Past event

BPCC shows Polish MPs how PPP works in Britain

The Polish-British Parliamentary Group, at whose meetings the BPCC has often participated since 2005, turned to the Chamber for help in organising a PPP study visit to London for its members.

Keen to promote British best practice in the field of PPP, the BPCC helped out by arranging a two-hour-long meeting at HM Treasury with senior staff from InfrastructureUK, which was followed by a visit to Bart's Hospital, a £1.3 billion project being built as a public-private partnership.

The Polish delegation, led by MP John Godson, was interested to hear about the UK's lessons learned from 20 years of using PPP – or PFI (Private Finance Initiative) to deliver public infrastructure using private capital.

Since the current coalition government took office in May 2010, the way PFIs are delivered has been comprehensively reviewed in a document entitled A New Approach to Public Private Partnerships. The new, improved version of PFI, dubbed PF2, is the result of the review.

Owain Ellis from InfrastructureUK, the part of HM Treasury responsible for PPP, explained to the Polish MPs how the UK new approach to PPP had resulted in a change of focus. Rather than using PFI to shift major infrastructure spending off balance sheet (and hence out of public sector debt), PF2 will focus on delivering greater value for tax payers' money.

There will be a greater emphasis on standardisation of contracts – a school sports hall is like any other school sports hall, a waste treatment plant like any other waste treatment plant – so the contracts to design, build and operate such facilities should be standardised to avoid the need to reinvent the wheel. Any departure from a standard contract requires a derogation. By centralising and standardising on best practice, project specifications and expected outcomes, greater value for money can be obtained.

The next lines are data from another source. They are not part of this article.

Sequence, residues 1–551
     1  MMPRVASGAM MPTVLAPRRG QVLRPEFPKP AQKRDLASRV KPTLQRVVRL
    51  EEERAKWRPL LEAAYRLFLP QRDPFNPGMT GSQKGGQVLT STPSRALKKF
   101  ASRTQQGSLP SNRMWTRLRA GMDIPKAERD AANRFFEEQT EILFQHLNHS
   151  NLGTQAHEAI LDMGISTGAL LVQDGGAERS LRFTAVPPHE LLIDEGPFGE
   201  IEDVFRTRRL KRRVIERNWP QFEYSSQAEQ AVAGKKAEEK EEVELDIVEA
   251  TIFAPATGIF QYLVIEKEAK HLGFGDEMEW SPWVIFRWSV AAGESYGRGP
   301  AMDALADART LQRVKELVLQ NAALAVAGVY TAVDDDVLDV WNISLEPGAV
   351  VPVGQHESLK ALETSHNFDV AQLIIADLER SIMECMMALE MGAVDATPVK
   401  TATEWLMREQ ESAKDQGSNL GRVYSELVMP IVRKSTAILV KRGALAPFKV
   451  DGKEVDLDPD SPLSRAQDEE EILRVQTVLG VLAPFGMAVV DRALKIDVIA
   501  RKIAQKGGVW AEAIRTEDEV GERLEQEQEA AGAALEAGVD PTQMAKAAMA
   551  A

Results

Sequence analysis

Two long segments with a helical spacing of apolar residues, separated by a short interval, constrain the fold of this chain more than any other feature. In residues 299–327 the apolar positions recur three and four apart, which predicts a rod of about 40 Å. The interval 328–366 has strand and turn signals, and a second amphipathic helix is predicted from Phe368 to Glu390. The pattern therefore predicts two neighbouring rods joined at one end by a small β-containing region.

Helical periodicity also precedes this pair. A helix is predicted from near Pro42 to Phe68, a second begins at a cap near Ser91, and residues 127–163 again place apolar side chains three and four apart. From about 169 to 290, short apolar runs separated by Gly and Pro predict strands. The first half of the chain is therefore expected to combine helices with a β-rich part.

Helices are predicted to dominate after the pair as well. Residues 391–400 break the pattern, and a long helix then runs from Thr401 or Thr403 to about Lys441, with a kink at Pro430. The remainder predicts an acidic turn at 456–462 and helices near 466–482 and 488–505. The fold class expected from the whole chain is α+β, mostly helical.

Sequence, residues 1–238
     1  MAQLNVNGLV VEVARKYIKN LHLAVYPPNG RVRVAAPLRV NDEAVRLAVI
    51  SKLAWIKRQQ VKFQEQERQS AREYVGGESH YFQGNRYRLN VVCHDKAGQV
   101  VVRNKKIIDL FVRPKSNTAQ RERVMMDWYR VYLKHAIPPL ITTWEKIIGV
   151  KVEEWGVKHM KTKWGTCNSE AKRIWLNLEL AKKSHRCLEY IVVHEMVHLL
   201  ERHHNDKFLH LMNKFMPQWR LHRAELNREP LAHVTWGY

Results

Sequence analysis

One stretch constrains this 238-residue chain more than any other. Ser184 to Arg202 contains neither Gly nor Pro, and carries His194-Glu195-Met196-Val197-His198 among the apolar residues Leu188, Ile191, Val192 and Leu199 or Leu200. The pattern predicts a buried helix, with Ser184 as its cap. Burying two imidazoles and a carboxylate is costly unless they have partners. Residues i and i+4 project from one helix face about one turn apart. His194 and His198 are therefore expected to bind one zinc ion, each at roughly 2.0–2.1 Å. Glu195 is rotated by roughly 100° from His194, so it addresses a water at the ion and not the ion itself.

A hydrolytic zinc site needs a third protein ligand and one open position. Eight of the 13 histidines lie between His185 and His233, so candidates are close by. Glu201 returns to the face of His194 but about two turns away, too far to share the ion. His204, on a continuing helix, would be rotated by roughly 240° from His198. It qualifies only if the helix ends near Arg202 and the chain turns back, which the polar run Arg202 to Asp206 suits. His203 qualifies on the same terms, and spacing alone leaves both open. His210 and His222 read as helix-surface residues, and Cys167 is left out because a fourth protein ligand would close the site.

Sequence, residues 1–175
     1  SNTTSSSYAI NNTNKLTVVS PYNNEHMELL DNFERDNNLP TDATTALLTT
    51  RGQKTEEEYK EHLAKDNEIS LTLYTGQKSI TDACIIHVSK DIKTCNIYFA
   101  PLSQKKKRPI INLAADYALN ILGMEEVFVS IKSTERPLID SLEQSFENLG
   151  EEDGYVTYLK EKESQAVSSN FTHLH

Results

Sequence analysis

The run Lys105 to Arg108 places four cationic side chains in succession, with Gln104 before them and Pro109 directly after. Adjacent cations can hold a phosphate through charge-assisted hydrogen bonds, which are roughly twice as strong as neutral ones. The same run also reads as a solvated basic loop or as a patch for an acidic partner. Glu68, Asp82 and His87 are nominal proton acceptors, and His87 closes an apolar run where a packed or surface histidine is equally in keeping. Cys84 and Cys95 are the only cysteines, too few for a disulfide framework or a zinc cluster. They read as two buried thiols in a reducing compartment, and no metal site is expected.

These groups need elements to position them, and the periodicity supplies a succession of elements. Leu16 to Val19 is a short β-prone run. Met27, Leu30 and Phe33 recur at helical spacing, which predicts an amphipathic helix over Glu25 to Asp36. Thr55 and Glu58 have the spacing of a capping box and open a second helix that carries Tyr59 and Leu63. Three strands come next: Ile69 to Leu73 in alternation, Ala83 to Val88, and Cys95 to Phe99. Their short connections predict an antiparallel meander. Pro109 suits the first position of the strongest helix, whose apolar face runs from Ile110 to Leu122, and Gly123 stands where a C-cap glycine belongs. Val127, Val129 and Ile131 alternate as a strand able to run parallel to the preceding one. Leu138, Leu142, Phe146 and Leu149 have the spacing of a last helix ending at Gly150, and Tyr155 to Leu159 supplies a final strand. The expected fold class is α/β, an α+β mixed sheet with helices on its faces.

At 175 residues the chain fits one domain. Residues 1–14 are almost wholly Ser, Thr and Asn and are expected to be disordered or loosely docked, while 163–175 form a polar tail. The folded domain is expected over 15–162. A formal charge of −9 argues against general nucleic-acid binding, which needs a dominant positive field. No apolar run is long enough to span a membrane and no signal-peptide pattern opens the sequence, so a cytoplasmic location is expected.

The Polish MPs heard that at the heart of the PPP system is the notion of the unitary charge – a single monthly payment from the public sector (local authority, government agency or ministry) to the private sector consortium that's designed, built, financed and operates a given piece of infrastructure. The unitary charge includes payment for the construction, costs of financing, and ongoing costs of maintaining and operating the infrastructure.

Mr Ellis explained that for projects with a capital value of between €50m to €200m, PF2 is the preferred method of delivery. There are thresholds for Treasury involvement as the major projects authority, review new projects at gateway stage. It was noted that as yet, Poland lacks such a major projects authority. The business case should be approved by such a central unit; it should also consider the role of the project, its governance, affordability and value for money. The central unit should also promote best practice, build the market, and refine the process, the MPs heard.

The quality of the procurement process is key; bidding will result in a monopoly for 20-30 years. So the process must be thorough and transparent. An open competitive dialogue is an essential in the procurement process.

An object that costs €100m to build will cost the tax payer in the order of €300m over 25 years; that includes the costs of finance and the costs of maintaining the object to the highest standards over that period.

Another lesson learnt in the UK was about sharing the upside: where a project is refinanced part-way through the contract period, and that refinancing results in a profit, that profit is to be shared equally between public and private partners. To date, the private sector exclusively has reaped the rewards of refinancing.

After the meeting at the Treasury, the delegation moved on Bart's Hospital, currently being built by Skanska. The Polish delegation was impressed by the high standards of health and safety on the site of the specialist heart and oncology unit; each patient will have their own room - and in a NHS hospital. The £1.3 billion redevelopment of Bart's is the largest and most complex hospital redevelopment project in the UK. It is being financed by Innisfree, an investment group that invests in long-term public-private infrastructure. Many thanks to Marzena Rytel from PwC in Warsaw, who facilitated the introduction to Innisfree.